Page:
Copper Gains on Tighter Supply, Outlook for U.S. DemandLuzi Ann Javier
Copper futures rose to a six-week high as stockpiles monitored by global exchanges declined to the lowest since 2009 and the outlook for demand improved in the U.S., the world’s second-largest user of the metal.
Inventories tracked by exchanges in Shanghai, London and New York have dropped 23 percent this year. Broker Comm Trade USA Inc. said a dwindling supply of scrap copper has narrowed the discount to new metal to the tightest in two years. Orders for durable goods in the U.S. climbed last month by the most since November, government data showed today.
“A drop in scrap-copper supply is signaling we’re facing a tighter market, just as we’re seeing increased economic activity,” Tom Power, a senior market strategist at RJO Futures in Chicago, said in a telephone interview.
Copper futures for delivery in July gained 1.6 percent to settle at $3.088 a pound at 1:17 p.m. on the Comex in New York after touching $3.095, the highest since March 7.
On the London Metal Exchange, copper for delivery in three months rose 1.2 percent to $6,753 a metric ton ($3.06 a pound).
Scrap copper No. 1 has traded at a discount of as little as 8 cents a pound below the price of new metal, Bryan Rosenstrauch, president of Comm Trade USA in Houston, said in a telephone interview. The discount was about 10 cents a year earlier, he said.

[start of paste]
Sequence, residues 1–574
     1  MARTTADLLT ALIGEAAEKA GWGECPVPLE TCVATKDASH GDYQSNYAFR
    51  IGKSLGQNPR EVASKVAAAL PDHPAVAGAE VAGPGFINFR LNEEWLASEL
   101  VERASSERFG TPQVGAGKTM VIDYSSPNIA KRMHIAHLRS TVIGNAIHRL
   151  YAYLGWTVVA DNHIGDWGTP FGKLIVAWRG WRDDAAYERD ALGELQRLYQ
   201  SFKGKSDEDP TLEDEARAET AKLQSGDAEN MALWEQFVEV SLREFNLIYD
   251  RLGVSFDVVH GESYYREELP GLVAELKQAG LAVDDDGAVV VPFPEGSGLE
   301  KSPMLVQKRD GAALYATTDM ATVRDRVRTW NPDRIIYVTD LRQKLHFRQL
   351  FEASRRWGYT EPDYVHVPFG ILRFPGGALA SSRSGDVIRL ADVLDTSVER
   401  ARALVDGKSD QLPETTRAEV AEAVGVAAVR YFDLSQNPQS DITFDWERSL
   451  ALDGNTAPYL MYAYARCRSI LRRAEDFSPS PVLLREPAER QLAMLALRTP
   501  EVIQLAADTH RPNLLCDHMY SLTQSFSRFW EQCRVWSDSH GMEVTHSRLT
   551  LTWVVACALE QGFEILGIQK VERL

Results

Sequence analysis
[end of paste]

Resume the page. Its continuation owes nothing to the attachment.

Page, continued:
The refined-copper market had a deficit of 53,000 tons in January, compared with a 17,000 surplus in December, the International Copper Study Group said yesterday. China is the biggest consumer.
Nickel for delivery in three months touched $18,600 a ton in London, the highest since February 2013, before closing lower. Prices have gained 32 percent this year on concern global supplies will be disrupted amid Russian intervention in Ukraine and an ore-export ban in Indonesia. Russia is home to OAO GMK Norilsk Nickel, the biggest producer of refined metal.
Aluminum, zinc and lead advanced on the LME, while tin was unchanged.